In a move that is unlikely to come as a surprise, the Reserve Bank of Australia (RBA) has left the official cash rate on hold at 1.5% after today’s board meeting.


After reducing the cash rate by 0.25% at its August meeting, it had been widely predicted that the central bank would not make back-to-back monthly cuts. All 38 economists and experts surveyed in the latest monthly RBA Survey predicted the cash rate to stay put.


CoreLogic research head Tim Lawless believes current conditions in the Australian property market likely backed the RBA into a corner today.


“The RBA is likely to be keeping a keen eye on the housing market; since the May rate cut and subsequent cut in August, many of the key housing market indicators have bounced higher.  Auction clearance rates have returned to the highest reading in more than a year, albeit on lower volumes,” Lawless said.


“CoreLogic’s hedonic index has seen some acceleration in the rate of capital gain across the already hot Sydney and Melbourne markets and the value of investor housing finance commitments have recently rebounded to the highest levels since August last year,” he said.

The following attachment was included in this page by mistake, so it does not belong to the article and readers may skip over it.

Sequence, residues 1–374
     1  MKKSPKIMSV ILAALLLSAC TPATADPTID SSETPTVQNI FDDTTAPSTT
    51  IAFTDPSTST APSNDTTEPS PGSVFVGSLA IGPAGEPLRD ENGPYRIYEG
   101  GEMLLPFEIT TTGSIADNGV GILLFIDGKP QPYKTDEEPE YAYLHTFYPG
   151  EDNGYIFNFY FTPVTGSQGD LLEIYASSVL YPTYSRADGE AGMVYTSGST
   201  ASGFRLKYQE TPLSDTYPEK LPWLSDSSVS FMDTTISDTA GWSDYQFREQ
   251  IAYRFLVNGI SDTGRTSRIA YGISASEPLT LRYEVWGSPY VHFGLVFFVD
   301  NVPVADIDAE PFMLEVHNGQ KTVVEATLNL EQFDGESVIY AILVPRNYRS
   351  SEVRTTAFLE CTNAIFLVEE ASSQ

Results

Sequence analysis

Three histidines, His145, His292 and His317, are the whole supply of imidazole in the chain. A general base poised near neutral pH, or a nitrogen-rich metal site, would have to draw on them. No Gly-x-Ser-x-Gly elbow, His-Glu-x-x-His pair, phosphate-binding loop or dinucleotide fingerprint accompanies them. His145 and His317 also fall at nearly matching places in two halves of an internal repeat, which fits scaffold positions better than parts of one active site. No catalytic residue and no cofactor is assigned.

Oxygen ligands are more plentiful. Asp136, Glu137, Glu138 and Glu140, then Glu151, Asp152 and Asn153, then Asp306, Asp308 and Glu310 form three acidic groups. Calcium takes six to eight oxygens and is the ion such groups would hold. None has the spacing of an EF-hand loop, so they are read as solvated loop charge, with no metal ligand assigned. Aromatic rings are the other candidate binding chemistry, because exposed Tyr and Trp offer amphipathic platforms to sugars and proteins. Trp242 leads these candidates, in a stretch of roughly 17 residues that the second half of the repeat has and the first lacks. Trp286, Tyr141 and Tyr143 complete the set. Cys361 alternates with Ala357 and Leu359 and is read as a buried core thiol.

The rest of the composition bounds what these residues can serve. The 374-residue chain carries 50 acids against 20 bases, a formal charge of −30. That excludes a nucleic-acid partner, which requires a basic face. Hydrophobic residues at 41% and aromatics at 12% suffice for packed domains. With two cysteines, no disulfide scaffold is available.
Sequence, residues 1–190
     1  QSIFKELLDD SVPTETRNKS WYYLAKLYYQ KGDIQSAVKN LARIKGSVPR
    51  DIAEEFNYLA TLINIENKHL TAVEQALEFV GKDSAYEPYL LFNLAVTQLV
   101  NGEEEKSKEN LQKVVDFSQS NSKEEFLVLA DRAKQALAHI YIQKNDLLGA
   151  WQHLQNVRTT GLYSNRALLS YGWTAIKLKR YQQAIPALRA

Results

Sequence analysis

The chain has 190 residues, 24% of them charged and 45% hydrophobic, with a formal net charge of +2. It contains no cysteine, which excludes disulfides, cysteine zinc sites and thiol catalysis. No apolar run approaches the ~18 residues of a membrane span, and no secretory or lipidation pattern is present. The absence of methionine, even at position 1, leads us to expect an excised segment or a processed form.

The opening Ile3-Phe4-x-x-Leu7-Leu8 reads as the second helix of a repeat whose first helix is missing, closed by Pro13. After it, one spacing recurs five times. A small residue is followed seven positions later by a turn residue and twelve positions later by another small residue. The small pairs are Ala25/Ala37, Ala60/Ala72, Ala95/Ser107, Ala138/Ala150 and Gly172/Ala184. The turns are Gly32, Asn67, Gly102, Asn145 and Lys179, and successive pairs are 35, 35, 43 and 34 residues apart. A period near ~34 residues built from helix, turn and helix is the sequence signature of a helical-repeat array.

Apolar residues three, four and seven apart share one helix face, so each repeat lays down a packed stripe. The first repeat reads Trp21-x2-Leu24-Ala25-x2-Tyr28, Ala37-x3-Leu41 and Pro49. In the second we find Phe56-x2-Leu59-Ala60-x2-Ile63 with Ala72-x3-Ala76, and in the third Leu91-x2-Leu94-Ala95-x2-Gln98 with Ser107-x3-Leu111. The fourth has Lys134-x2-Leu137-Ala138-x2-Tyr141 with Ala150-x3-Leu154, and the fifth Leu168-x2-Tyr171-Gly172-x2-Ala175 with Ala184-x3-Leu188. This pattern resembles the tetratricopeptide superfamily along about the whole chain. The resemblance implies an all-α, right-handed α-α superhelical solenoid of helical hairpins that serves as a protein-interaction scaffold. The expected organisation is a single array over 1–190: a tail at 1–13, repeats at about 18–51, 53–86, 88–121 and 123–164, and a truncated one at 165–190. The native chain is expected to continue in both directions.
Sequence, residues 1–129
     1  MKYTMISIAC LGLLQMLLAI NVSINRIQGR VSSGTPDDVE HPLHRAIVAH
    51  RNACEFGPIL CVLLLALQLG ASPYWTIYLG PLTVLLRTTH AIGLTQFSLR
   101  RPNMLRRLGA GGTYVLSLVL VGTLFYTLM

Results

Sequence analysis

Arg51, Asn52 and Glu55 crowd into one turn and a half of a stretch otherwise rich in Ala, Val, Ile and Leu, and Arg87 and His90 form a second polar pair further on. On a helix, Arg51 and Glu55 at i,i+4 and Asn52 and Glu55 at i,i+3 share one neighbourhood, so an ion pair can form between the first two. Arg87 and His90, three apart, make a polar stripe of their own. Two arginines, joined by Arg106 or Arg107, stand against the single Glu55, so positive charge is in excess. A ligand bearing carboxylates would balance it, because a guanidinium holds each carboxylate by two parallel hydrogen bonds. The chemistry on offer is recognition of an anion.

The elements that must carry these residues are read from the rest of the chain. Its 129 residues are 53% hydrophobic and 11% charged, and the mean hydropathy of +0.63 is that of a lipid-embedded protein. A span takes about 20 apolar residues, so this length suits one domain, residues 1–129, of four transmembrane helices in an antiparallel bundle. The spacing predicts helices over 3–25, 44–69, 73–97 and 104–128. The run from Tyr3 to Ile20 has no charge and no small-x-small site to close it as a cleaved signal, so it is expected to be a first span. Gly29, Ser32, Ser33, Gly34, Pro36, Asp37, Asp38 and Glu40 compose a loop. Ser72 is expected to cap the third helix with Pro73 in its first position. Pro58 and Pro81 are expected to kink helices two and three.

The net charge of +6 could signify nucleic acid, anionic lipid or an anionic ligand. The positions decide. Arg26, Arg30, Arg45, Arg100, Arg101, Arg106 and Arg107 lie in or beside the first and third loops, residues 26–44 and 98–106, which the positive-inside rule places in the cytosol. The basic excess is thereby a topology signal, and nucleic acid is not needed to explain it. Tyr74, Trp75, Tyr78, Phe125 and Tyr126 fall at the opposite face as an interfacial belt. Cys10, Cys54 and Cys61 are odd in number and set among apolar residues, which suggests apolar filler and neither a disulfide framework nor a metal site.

While the state of the housing market may have been a key part of today’s decision, Lawless said the prospect of the RBA lowering the cash rate even further is still on the cards.


“With monthly indicators of inflation remaining low and the Australian dollar remaining relatively high, there remains a strong chance of another rate cut later this year,” he said.


“The most likely timing will be the November RBA meeting when September quarter inflation data is available.  Another low inflation reading combined with a stubbornly high dollar could result in the cash rate moving lower.”


Not all agree that is the case though, with Peter Arnold, data insights director at mortgage comparison portal, believing the cash rate will remain at 1.5% until 2017 at least.


“In theory, a rate cut gives consumers some more spending money which helps to kick along the economy. But the banks withheld almost half of the last cut, so the [RBA] Board is unlikely to pull the trigger again this year,” Arnold said.


 “On top of that, APRA and the banks are happy with the caps put on investor lending, which gives the RBA further breathing room,” he said.